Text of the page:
Out-of-court settlements totaling $284,500 have resolved federal lawsuits by three former Terre Haute Street Department workers alleging harassment and a hostile work environment.

Terry Fish Sr., who was a 40-year employee of the street department when he resigned in 2016, filed a lawsuit in July 2017 alleging battery, negligent supervision and negligent infliction of emotional distress.

The lawsuit claimed Fish, who was disabled due to cognitive and physical impairments, was frequently called “stupid” and “retard” by coworkers, was “dry humped” and had items thrown at him by coworkers. Supervisors knew of the incidents, but failed to act to protect Fish or properly train employees, the lawsuit alleged.

Fish filed a charge of discrimination with the Equal Employment Opportunity Commission in November 2015. A subsequent EEOC investigation supported Fish’s allegations and indicated the harassment was “severe and pervasive” and that the city was aware of the harassment by co-workers and supervisors but failed to take action.

Monty Stillman, a 9-year employee of the street department, filed a lawsuit in August 2017 claiming he was fired by the city in May 2016 as retaliation because Stillman was a supporting witness for Fish in his discrimination complaint.

Stillman also said the city retaliated against him when he applied for another job. Several former supervisors and co-workers contacted his prospective employer and made false statements against Stillman, the lawsuit said.

Stephen Stedman, a 10-year employee of the street department, also filed a lawsuit in August 2017. He said he resigned in June 2016 due to “ongoing and worsening workplace harassment” of himself and his coworkers with no disciplinary action taken.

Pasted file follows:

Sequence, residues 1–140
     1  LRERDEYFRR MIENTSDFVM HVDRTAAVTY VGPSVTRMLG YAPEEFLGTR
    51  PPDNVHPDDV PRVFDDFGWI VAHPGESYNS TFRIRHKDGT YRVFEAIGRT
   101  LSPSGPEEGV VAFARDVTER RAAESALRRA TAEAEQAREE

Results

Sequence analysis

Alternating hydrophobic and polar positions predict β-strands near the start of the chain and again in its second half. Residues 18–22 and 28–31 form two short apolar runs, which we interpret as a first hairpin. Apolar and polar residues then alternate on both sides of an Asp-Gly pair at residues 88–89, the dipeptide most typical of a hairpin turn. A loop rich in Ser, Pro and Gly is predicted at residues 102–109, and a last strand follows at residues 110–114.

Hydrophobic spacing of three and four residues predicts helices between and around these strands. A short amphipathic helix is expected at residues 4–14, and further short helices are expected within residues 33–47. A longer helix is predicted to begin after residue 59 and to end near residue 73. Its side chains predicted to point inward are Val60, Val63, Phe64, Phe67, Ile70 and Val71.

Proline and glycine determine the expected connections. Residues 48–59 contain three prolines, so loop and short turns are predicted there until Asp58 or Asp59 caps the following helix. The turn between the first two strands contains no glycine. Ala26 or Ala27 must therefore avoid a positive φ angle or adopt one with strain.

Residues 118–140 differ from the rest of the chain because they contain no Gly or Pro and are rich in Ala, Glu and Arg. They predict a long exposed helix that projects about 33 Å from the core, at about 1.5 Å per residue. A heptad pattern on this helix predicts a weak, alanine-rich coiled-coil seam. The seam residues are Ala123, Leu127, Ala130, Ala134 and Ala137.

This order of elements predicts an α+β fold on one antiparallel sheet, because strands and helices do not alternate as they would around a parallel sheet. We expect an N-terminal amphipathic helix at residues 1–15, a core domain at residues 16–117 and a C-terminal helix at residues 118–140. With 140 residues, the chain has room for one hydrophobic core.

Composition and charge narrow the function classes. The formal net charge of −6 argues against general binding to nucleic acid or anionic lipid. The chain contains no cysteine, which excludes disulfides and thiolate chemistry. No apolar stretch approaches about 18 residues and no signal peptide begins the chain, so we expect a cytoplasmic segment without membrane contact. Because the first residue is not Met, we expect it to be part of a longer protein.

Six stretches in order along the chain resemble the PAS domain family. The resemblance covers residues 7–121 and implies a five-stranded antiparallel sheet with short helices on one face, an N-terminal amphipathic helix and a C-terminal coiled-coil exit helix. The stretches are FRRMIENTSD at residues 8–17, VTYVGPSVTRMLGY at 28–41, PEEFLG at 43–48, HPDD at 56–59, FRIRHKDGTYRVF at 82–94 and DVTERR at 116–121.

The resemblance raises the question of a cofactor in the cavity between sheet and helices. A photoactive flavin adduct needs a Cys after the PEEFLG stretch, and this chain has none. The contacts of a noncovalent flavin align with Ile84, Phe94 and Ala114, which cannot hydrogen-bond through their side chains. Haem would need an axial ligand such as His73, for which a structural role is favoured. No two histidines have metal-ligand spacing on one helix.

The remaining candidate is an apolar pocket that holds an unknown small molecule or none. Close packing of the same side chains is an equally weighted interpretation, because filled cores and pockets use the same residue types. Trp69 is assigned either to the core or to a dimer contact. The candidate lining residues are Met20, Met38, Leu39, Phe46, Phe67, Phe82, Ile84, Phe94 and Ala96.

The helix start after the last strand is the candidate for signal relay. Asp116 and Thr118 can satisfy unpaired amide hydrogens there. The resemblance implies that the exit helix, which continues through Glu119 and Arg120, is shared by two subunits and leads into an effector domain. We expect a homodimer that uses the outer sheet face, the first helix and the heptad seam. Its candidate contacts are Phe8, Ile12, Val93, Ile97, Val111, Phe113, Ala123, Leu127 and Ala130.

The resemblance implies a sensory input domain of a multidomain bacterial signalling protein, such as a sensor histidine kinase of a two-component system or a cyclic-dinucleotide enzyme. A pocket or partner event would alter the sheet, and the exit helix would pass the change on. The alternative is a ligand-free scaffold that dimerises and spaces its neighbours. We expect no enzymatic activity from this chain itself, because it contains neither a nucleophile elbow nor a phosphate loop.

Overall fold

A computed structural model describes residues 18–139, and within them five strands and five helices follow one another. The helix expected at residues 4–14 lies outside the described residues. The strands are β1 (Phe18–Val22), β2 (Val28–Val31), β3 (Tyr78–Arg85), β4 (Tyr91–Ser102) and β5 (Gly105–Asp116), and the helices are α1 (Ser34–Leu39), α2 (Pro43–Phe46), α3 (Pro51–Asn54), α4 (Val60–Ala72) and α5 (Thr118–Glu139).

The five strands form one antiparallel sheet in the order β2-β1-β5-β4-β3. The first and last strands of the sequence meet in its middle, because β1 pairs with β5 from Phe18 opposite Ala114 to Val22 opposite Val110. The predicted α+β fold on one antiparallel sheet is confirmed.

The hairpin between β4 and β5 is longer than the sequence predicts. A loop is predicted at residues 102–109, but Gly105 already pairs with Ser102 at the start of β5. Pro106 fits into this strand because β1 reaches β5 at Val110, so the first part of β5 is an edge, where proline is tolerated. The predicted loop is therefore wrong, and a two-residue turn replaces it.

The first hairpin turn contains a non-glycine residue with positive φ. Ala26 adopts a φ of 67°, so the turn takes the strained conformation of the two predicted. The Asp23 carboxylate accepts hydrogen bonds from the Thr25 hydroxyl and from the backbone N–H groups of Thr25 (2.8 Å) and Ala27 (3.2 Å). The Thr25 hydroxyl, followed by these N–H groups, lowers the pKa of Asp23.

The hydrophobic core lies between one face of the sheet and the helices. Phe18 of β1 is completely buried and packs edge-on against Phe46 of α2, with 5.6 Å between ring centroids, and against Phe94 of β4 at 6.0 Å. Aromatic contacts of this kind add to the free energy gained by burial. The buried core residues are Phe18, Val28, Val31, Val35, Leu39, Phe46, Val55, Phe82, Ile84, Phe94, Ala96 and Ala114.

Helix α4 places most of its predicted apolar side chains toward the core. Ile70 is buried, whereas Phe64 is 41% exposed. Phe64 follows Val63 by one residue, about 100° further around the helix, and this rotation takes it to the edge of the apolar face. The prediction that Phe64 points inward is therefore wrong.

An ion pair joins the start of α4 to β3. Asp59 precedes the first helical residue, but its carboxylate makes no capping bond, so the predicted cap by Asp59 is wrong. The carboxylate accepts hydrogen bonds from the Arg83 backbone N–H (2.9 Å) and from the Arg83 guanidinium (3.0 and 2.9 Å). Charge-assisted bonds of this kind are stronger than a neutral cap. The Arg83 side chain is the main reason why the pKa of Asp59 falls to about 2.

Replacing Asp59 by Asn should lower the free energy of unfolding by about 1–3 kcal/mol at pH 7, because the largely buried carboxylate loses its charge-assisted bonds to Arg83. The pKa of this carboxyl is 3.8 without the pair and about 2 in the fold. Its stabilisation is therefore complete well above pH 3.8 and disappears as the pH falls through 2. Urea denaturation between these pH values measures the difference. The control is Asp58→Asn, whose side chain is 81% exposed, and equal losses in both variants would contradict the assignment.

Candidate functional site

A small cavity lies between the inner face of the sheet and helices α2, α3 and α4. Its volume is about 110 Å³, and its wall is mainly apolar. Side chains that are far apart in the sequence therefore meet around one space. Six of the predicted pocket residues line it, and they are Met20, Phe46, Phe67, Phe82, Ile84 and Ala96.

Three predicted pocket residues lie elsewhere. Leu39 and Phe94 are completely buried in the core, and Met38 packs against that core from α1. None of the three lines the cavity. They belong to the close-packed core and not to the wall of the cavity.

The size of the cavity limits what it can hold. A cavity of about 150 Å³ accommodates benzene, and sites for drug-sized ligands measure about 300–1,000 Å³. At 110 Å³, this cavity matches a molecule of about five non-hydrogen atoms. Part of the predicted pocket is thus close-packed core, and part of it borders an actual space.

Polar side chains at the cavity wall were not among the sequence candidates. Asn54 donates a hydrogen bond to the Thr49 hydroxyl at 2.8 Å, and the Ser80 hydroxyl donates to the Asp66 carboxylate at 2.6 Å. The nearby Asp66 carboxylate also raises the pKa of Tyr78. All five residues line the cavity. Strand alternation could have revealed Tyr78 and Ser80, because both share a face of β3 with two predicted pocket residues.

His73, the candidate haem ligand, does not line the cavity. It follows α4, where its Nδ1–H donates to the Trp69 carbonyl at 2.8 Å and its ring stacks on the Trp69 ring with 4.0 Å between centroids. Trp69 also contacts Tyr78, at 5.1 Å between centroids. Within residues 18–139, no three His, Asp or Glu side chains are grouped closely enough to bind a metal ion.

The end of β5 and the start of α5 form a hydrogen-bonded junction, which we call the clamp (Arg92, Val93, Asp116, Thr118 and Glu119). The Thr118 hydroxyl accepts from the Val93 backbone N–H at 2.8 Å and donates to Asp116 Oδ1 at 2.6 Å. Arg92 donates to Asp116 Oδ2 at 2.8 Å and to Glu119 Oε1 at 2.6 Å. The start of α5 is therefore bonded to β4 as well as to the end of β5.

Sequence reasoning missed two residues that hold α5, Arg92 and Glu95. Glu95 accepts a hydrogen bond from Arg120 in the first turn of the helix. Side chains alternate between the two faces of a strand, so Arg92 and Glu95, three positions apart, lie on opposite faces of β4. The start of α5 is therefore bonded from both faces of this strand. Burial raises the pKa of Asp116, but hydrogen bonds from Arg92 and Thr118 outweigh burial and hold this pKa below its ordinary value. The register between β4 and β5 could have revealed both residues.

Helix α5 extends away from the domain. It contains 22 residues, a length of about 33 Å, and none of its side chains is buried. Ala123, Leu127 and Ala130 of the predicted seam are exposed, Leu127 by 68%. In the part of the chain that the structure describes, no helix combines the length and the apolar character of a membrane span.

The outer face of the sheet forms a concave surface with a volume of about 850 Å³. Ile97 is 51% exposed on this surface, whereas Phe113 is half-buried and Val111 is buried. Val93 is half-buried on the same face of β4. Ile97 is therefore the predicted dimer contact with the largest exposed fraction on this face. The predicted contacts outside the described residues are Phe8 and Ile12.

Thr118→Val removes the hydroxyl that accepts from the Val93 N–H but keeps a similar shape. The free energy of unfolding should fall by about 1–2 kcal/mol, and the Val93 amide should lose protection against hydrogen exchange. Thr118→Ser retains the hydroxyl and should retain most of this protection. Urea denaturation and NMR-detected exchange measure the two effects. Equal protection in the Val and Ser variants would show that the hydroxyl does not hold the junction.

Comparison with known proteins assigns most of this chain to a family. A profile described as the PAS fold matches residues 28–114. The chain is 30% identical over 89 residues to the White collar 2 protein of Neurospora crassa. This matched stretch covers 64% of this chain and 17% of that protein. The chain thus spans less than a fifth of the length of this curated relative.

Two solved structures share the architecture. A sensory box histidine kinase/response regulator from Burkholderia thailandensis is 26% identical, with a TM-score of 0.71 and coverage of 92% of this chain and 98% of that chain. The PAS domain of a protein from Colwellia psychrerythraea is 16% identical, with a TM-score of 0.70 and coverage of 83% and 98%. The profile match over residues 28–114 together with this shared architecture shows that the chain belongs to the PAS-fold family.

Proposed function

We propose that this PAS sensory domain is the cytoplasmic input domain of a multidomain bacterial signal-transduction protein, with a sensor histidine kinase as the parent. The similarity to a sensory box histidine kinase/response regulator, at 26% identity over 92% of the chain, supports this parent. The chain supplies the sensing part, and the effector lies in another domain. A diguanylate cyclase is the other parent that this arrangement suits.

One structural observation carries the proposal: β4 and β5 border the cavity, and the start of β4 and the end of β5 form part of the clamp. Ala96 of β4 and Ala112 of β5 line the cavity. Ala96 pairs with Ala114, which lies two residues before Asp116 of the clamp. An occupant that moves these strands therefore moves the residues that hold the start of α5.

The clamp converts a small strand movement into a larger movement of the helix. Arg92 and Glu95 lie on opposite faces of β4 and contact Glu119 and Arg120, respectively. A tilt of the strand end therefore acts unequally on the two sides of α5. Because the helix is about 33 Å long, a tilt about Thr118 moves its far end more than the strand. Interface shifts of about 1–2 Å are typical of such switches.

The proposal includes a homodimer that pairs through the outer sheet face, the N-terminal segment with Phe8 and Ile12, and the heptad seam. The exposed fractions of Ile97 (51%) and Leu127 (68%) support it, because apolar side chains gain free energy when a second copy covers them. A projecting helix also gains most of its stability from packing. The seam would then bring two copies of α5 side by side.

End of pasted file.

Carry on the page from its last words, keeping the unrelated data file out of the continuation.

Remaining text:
Stedman said some of the acts of retaliation he experienced were being run off the road by his coworkers, attempts to get him fired from his job, and comments that he should perform sexual acts on a coworker. Stedman claimed he reported the harassment to city officials but no action was taken to stop the harassment.

The EEOC investigated and affirmed the discrimination claims of both Stillman and Stedman.

Fish’s case was settled in October 2018 for a payment of $225,000.

Stillman’s case was settled in March 2019 for a payment of $47,500.

Stedman’s case was settled July 19, 2019 for a payment of $12,000. A jury trial set for July 29 was dismissed due to the settlement.

City attorney Darrell Edward Felling Jr. said the city had no comment on the resolution of the cases.

However, Felling did say two separate employee training sessions have been conducted since the lawsuits were filed. One training was a review of the city’s anti-harassment and zero-tolerance policy with the street department, he said. The other was a citywide presentation by the human relations department on cultural humility training.

The city plans to do annual updates on those, Felling said.

A request for comment from Paul Jungers, the attorney representing Fish, Stedman and Stillman in the federal lawsuits, was not returned.

Lisa Trigg can be reached at 812-231-4254 or at lisa.trigg@tribstar.com. Follow her on Twitter at TribStarLisa.

Lisa Trigg has been a reporter at the Tribune-Star since 2009. With more than 30 years of newspaper experience, she now covers general news with a focus on crime and courts.

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